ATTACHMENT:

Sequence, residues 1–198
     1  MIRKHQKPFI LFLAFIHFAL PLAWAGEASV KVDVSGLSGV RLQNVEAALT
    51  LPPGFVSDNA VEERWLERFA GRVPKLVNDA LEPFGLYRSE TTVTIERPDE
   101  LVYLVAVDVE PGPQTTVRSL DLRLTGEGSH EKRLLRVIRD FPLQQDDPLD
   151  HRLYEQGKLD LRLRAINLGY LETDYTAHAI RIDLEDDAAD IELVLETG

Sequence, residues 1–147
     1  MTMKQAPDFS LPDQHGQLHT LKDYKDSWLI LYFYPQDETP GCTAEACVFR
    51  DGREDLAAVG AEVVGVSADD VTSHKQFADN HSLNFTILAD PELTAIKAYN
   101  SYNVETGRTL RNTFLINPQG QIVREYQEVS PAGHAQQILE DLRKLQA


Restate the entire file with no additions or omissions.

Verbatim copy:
Sequence, residues 1–198
     1  MIRKHQKPFI LFLAFIHFAL PLAWAGEASV KVDVSGLSGV RLQNVEAALT
    51  LPPGFVSDNA VEERWLERFA GRVPKLVNDA LEPFGLYRSE TTVTIERPDE
   101  LVYLVAVDVE PGPQTTVRSL DLRLTGEGSH EKRLLRVIRD FPLQQDDPLD
   151  HRLYEQGKLD LRLRAINLGY LETDYTAHAI RIDLEDDAAD IELVLETG

Sequence, residues 1–147
     1  MTMKQAPDFS LPDQHGQLHT LKDYKDSWLI LYFYPQDETP GCTAEACVFR
    51  DGREDLAAVG AEVVGVSADD VTSHKQFADN HSLNFTILAD PELTAIKAYN
   101  SYNVETGRTL RNTFLINPQG QIVREYQEVS PAGHAQQILE DLRKLQA